What is Romboutsia ilealis, and why is she a ‘good’ bug?
ZOE runs the largest study of nutrition and gut bacteria in the world, with data from over 40,000 people. We publish our research in top scientific journals, including Nature Medicine.
Our scientists have found 15 “good” gut microbes that are associated with indicators of good health and 15 “bad” gut microbes that are linked with worse health.
Romboutsia ilealis — or “Rumi,” as we call her — is one of the 15 “good” bugs. In this article, you can find out more about Rumi, why she’s a good bug, and what foods she likes and dislikes.
Fast facts about your gut microbiome
Your gut is home to trillions of bacteria and other microbes that make up your gut microbiome.
These microbes mainly feed on fiber and chemicals called polyphenols, which give plants their color, and turn these into chemicals that help support your health and weight control.
Your gut microbiome is unique and radically different from everyone else’s, unlike your DNA, which is 99% the same. Even twins only share 34% of the same microbes.
At ZOE, we use the latest and most advanced biotechnology to analyze the bacteria in your gut from a poop sample.
Using this technology, the ZOE program tells you your unique microbiome composition — including which of the 15 “good” and 15 “bad” bugs are in your gut — in order to recommend the best foods for you.
Who is Rumi?
Rumi is part of a group of bacteria called Firmicutes. If you looked at her under a microscope, you would see that she’s shaped like a rod.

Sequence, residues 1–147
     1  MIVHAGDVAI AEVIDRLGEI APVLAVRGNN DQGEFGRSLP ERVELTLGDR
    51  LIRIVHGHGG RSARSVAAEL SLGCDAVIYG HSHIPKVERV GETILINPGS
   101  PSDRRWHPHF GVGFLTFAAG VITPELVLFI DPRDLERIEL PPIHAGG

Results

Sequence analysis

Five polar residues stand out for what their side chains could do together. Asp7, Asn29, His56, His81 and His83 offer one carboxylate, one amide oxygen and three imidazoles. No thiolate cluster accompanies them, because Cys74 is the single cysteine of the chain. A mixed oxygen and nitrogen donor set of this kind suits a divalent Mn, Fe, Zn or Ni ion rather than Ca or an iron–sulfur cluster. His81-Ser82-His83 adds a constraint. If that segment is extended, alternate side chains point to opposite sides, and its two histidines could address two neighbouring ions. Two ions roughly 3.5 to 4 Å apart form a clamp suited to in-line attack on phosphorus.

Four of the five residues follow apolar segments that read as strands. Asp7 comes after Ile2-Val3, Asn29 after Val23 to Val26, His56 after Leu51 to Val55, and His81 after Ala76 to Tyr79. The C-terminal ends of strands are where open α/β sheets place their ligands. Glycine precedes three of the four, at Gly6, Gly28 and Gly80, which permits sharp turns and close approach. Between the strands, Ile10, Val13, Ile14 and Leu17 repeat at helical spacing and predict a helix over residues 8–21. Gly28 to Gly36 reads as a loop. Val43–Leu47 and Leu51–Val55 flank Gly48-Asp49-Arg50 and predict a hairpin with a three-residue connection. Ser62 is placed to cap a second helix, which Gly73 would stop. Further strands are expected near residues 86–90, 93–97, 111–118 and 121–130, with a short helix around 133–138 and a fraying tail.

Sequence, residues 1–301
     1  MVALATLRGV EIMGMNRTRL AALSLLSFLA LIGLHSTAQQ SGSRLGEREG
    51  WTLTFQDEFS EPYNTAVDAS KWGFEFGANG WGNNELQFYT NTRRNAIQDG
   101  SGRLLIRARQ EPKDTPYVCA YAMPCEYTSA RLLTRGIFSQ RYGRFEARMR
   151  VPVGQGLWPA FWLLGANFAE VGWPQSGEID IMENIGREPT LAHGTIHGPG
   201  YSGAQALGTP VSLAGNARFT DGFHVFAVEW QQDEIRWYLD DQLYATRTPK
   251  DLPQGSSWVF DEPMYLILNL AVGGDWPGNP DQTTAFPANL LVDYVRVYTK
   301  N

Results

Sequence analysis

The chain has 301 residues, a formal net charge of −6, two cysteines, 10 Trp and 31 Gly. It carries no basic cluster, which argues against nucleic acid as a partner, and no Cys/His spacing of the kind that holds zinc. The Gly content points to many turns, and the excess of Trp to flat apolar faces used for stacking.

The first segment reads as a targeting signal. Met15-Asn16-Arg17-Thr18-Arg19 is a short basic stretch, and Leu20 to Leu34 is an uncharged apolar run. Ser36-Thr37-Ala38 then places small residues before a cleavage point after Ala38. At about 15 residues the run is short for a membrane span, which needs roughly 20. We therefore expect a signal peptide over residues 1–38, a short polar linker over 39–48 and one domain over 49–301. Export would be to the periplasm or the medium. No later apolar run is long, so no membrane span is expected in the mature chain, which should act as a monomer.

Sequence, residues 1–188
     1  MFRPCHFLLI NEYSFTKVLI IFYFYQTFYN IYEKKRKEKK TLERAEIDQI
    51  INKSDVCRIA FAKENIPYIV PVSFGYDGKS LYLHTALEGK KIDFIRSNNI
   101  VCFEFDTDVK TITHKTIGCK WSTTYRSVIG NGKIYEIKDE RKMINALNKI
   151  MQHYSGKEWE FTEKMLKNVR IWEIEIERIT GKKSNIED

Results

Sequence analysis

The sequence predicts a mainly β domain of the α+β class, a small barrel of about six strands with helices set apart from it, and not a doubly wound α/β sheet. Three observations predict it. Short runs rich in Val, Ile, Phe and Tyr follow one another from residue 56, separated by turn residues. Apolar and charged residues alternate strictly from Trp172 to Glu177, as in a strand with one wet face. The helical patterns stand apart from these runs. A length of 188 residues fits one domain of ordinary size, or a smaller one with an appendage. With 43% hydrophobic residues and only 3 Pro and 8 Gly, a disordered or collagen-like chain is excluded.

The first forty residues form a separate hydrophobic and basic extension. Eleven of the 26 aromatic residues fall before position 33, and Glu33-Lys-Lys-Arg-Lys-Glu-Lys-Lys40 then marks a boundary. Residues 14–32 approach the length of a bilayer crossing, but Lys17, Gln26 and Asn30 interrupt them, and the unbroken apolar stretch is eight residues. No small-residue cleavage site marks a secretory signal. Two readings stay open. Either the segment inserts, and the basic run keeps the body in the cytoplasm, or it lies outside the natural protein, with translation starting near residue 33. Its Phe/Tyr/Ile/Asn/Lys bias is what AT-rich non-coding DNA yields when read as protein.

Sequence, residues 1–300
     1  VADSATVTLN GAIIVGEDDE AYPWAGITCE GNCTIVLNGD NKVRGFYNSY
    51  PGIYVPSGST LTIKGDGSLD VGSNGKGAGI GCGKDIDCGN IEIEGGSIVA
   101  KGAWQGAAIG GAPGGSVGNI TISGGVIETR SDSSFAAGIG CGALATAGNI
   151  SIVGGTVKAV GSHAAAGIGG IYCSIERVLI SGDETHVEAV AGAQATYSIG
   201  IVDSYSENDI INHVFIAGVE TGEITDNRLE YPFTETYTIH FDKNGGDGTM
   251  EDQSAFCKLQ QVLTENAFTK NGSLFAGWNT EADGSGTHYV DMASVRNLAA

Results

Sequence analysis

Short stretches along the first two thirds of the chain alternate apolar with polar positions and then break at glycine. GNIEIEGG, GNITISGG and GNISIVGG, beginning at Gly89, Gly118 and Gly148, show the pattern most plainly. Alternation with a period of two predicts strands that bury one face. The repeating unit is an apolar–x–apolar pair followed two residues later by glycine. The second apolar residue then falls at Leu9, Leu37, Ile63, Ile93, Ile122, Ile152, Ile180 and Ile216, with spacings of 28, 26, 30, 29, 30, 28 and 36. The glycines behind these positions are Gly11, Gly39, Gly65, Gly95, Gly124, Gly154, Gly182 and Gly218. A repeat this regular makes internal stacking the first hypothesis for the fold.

Our scientists found Rumi in the guts of over three-quarters of our study participants: 83%, to be precise.
Other members of the Firmicutes group include Lactobacillus, which you may be familiar with already. They're “good” bugs in foods like yogurt.
Why is Rumi a ‘good’ bug?
Scientists don’t know much about Rumi yet, as she was only recently discovered.
Some researchers don’t think that she is “good” and are investigating links between higher levels of Rumi in the gut and an increased risk of nonalcoholic fatty liver disease and neurodevelopmental disorders in children.
However, in our study, we saw links between having Rumi in your gut and higher levels of polyunsaturated — or healthy — fat, as well as lower inflammation levels.
Lower levels of inflammation are good for your body. Chronic, long-term inflammation can increase your risk of chronic health conditions like type 2 diabetes and heart disease.
What foods does Rumi like and dislike?
Our scientists have found links between specific foods and the 15 “good” and 15 “bad” gut bugs.
In general, Rumi likes fish and broccoli. She doesn’t particularly like beer or vegetable oil.
But the exact foods that will help Rumi thrive in your body depend on the combination of bugs in your gut. Since every person’s gut microbiome is completely unique, there’s no one-size-fits-all diet that’s right for everyone.
The ZOE program analyzes your entire microbiome and works out your unique “gut booster” and “gut suppressor” foods, so “good” bugs like Rumi can flourish.
If you want to know the best foods for your body and your unique combination of gut bugs, take our free quiz.
Gut microbiota dysbiosis associated with altered production of short chain fatty acids in children with neurodevelopmental disorders. Frontiers in Cellular and Infection Microbiology. (2020). https://www.frontiersin.org/articles/10.3389/fcimb.2020.00223/full
Insights from shotgun metagenomics into bacterial species and metabolic pathways associated with NAFLD in obese youth. Hepatology Communications. (2022). https://www.ncbi.nlm.nih.gov/pmc/articles/PMC9315112/
Microbiome connections with host metabolism and habitual diet from 1,098 deeply phenotyped individuals. Nature Medicine. (2021). https://www.nature.com/articles/s41591-020-01183-8